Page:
Justin Peck is taking the wheel towards success. The racing legend and entrepreneur recently penned a new book, Bulletproof, in which he writes about his struggles with mental health and how it’s made him the man who he is today. We spoke exclusively with Justin about bipolar disorder, being a granddad, and that fateful morning which put his life on the path he was destined for.
I need to ask you about all of these amazing tattoos.
I turned 40 and I didn’t have one tattoo. 41 went by and I wanted a tattoo, and I went in the middle of February and got a consultation. And in the span of one year, from March 7, 2015 to the following year, I got 270 hours of tattoo work done, full sleeves and my entire back. I was doing 10-hour sessions at a time.
How do you go from one tattoo to 10-hour sessions?
That’s my personality. Moderation is for cowards, so I always do things all the way. The two tattoos I had here were the conflict of brains, adapt and overcome, the manic and the depressive state of bipolar. Everything else works into it. The screws bones and plates and 84 broken bones to date.
I like how you say, “to date,” like it’s still a work in progress.
Oh yeah. I’m still racing. 19 surgeries, 200 screws, died twice. It’s been fun.
The life you’ve lived is the life of 15 people.
Yeah, I don’t like being sedentary. I always like to keep moving. One of the big things about the [bipolar] disorder, at least for me, is that I always have to move forward. If I don’t have anything to look forward to, that’s where the depressive side comes into play, and I find myself staying in bed. Having something to look forward to gets me excited.
When were you diagnosed?
It was in 2005.
Wow, so you were living with it for a long time undiagnosed.
Yeah, I remember my first panic attack. I was 13, and I remember it very vividly. My parents though it was drugs. It’s in conversation now but back then, 30 years ago, if you brought up mental health, they’d put a jacket on you and put you in a padded room. So as a young kid, I knew I was different, even at 5-6 years old.
And when you have no one to talk to, you can feel like you’re drowning.
I learned at a young age to rely on myself and myself only. I get a lot of people asking me who my idols are, and I don’t have anybody. I look up to me. I inspire myself. Granted, there are drivers out there that I want to be as fast as, but I don’t want to be them.
Now as a dad, did you ever worry that your illness could have been passed on to your kids?
When I had my first baby, I was 17. I was just thinking, “Am I going to be able to grow this little boy up to be a man?” Then we had our daughter in 1995, and there’s something about daddy’s daughters. They just melt me. My third was born in 2000, and I was excited to have another girl. My youngest is born in 2005, and he’s 100% me. My daughter was diagnosed with class 2 bipolar, so she has some struggles ahead of her.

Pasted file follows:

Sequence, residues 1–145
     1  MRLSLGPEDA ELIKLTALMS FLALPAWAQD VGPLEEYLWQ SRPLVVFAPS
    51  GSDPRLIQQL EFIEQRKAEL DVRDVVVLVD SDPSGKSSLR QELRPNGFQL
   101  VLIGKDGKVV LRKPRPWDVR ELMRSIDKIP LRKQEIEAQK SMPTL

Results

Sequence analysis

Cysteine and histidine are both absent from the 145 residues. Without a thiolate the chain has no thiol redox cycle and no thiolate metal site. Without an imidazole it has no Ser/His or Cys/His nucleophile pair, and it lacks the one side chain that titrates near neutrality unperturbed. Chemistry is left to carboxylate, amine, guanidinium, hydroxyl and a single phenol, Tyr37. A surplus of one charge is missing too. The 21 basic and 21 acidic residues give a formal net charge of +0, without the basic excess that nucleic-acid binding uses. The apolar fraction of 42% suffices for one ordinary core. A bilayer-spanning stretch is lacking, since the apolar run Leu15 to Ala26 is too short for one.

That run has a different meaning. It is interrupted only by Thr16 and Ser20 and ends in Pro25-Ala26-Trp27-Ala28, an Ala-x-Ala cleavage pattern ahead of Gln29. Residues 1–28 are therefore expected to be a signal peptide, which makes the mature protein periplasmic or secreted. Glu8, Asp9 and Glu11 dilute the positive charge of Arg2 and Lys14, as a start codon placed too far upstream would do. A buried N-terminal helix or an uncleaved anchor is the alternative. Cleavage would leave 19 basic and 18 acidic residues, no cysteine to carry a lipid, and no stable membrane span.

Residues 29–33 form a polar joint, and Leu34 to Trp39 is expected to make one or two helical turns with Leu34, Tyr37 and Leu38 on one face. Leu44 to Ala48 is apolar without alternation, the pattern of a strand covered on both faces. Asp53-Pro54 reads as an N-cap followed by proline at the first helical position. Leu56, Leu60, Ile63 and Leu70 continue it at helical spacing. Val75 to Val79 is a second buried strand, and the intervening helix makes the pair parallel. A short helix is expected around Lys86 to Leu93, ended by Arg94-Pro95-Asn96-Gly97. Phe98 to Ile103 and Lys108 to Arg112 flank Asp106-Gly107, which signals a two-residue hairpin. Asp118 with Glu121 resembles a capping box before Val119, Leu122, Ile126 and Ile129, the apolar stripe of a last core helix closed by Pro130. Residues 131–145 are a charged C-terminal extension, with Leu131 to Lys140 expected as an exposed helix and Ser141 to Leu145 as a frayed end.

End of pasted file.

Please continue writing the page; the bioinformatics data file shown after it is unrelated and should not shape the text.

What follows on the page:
There’s so much more that can be done now. It’s not a curse.
People talk about mental illness and disorder. For me, it’s a mental blessing. I wouldn’t be who I am, the goofball, without those quirks. Everyone has their struggles and their doubts, but it’s what makes you who you are.
So I loved your book, Bulletproof. What was the impetus for writing it?
My grandmother used to keep a journal. She would write everyday, and before she died, I asked her why she wrote and she said that she wanted everyone to know what her life was like. That resonated with me. Life went on for a little bit, and then my youngest brother overdosed at the age of 21. I remember that I went to his funeral and that night I brought out the laptop and I started writing.
I started with just feelings of the day. I would write and then take a week off and then get back into it. There was no concept of a book; it was just writing. And it hit me of knowing all the life experiences I had gone through at that point—I’d made a lot of money; I had lost a lot of money. I had nice houses; I lost nice houses. So it changed my mindset and I decided to write a book for my children so they could understand what their dad was like. My kids were super young, and as young children, we look at our parents through a different lens. We think that our parents are more of something that they’re not. When we grow up, we realize that’s not the case. I’m still 18; I still have the same mental state. It’s hard to convey that to the younger generation. So what I wanted to do was write, and it went from elementary school, to businesses to just everything. I ended up with 270 pages and it took me a long time, about 8 years.